In 1981, the Virginia General Assembly placed a moratorium on all annexations throughout the state. Henrico's borders have not changed since Richmond's 1942 annex.

County seat

The original county seat was at Varina, at the Varina Farms plantation across the James River from Henricus. John Rolfe built this plantation, where he lived with his wife, Pocahontas. Henrico's government was located at Varina from around 1640 until 1752.[5]

In 1752, Henrico relocated its seat to a more central location inside the city Richmond between Church Hill and what is now Tobacco Row. The county seat remained at 22nd and Main St in Richmond even after the city's government became fully independent of the county in 1842.[3] It was not until 1974 when the county moved out of the Old Henrico County Courthouse to a complex in the western portion of the county at the intersection of Parham Road and Hungary Springs Road in Laurel.[5]

In addition to the 1974 complex, in 1988 the county opened its Eastern Governmental Center to be more convent to county residents in the Eastern portion of the county. It is located on Nine Mile Road.[5]

American Civil War battle sites

During the Civil War, in 1862 Henrico County was the site of the following numerous battles during the Peninsula Campaign:

Additional significant battles took place in 1864 during the Overland Campaign prior to and during the Siege of Petersburg, which led to the fall of Richmond. Confederate General J.E.B. Stuart was mortally wounded in Henrico County at the Battle of Yellow Tavern on May 12, 1864.

Timeline

Date Event Source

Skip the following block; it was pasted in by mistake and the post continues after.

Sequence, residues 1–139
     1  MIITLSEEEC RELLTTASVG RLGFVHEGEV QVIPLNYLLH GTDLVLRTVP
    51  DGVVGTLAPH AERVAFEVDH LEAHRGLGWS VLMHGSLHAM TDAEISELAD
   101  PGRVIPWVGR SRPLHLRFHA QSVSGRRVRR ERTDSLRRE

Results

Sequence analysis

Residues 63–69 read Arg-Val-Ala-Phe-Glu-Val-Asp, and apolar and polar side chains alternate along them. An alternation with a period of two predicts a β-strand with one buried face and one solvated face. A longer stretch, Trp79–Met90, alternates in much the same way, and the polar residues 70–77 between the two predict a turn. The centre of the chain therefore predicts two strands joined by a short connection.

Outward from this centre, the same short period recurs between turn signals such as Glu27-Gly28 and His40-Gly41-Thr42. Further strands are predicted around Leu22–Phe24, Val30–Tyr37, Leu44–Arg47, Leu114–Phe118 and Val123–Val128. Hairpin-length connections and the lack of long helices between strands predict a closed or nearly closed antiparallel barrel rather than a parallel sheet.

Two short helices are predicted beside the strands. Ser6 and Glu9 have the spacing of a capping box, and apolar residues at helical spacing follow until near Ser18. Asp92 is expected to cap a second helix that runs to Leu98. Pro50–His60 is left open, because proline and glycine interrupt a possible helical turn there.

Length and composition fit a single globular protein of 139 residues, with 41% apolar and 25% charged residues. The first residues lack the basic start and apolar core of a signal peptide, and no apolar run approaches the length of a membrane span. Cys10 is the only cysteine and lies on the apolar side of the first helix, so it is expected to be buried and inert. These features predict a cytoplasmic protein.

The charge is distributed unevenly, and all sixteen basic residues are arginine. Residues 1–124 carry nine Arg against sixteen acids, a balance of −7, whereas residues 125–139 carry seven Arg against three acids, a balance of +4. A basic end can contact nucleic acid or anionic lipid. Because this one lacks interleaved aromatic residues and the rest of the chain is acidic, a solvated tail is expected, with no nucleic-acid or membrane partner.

1634 County formed Source:Red Book: American State, County, and Town Sources
1650 Court records recorded Source:Red Book: American State, County, and Town Sources
1650 Land records recorded Source:Red Book: American State, County, and Town Sources
1650 Probate records recorded Source:Red Book: American State, County, and Town Sources
1781 Marriage records recorded Source:Red Book: American State, County, and Town Sources
1790 First census Source:Population of States and Counties of the United States: 1790-1990
1853 Birth records recorded Source:Red Book: American State, County, and Town Sources
1930 No significant boundary changes after this year Source:Population of States and Counties of the United States: 1790-1990

Population History

source: Source:Population of States and Counties of the United States: 1790-1990
Census Year Population
1790 12,000
1800 14,886
1810 19,680
1820 23,667
1830 28,797
1840 33,076
1850 43,572
1860 61,616
1870 66,179
1880 82,703
1890 103,394
1900 30,062
1910 23,437
1920 18,972
1930 30,310
1940 41,960
1950 57,340
1960 117,339
1970 154,364
1980 180,735
1990 217,881

Note: Richmond city, formed from Henrico County, but has annexed much territory from Chesterfield County; annexed Manchester city (originally formed from Chesterfield) in 1910.

Research Tips

County Specific Research Sources

Source:Chamberlayne, 1898 The vestry book and register of Bristol Parish, Virginia, 1720-1789 (covers modern Henrio and Chesterfield Counties.